As a result of these dealings, Black Press now owns every newspaper on Vancouver Island, which has a size and population similar to New Brunswick, except for Glacier Media’s daily Victoria Times Colonist.


You might think that newspapers are dying and should be allowed to do these kinds of competition-killing deals in order to survive.

My research suggests otherwise.

I studied the annual reports of all publicly traded newspaper companies in Canada and the United States from 2006 to 2013 for my 2014 book Greatly Exaggerated: The Myth of the Death of Newspapers and found that not one recorded an annual loss on an operating basis during that time, despite an historic downturn in advertising revenues.

Postmedia had operating earnings of $54.6 million on revenues of $754 million in its 2017 fiscal year ended Aug. 31, for a profit margin of 7.2 per cent.

Fully 60 per cent of its earnings, however, went to pay the interest on Postmedia’s massive debt, most of which is held by its own hedge fund overlords, which are skimming their take right off the top in a nifty piece of financial engineering.

Torstar’s community newspaper division, Metroland, reported earnings of $21.2 million on revenue of $272 million in the first nine months of 2017 for a profit margin of 7.8 per cent.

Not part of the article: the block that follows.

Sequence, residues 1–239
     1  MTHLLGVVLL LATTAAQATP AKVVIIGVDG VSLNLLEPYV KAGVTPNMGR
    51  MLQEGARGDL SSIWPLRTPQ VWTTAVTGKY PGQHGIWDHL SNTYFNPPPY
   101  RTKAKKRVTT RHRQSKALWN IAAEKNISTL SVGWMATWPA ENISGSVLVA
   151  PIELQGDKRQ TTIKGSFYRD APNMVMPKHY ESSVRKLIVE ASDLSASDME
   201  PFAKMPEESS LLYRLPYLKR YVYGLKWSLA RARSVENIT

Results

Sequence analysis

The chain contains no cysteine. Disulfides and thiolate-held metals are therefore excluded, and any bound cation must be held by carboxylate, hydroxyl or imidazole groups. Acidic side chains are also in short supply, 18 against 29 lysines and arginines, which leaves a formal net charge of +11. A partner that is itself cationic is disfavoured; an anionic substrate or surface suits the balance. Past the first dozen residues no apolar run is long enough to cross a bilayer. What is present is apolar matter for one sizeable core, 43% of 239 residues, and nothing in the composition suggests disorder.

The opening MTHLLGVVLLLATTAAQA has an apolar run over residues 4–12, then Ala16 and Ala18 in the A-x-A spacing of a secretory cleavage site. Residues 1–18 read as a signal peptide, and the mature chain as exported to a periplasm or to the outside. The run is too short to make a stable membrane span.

The Liberal government ordered hearings into media and local communities in 2016 after Postmedia merged the newsrooms of its duplicate dailies in four of Canada’s six largest cities.

 Postmediad had promised to maintain separate newsrooms before it got Competition Bureau approval for its 2014 takeover of the Sun Media chain.

The hearings, chaired by B.C. MP Hedy Fry, resulted in a report in June calling for the Competition Bureau to be given more power to stop news media mergers and takeovers, as well as other measures to boost local journalism.

So far its recommendations have also been ignored.

The Trudeau government’s continued fiddling while the country’s news media disappear will soon constitute negligence of the highest order.

Justin Trudeau is really great at doing the symbolic stuff - teary-eyed apologies for residential schools and affronts to the LGBT community a prime example - but he's a dead loss at dealing with the hard stuff that will shape the future of our country - how we elect our representatives, how we hold them accountable, climate change, democratic restoration and the return of a genuinely free press.

1 comment:

Troy said...

Sports leagues have better oversight in regards to player trades than the government has over what should be considered important institutions.

The solution is simple: trades and deals have to be approved by the Bureau prior to completion; nothing changes hands until that approval is had. It won't happen; it goes against every neo-liberal tenet that exists. Not that neo-liberalism has any actual beliefs other than 'Stay out of my business, government'.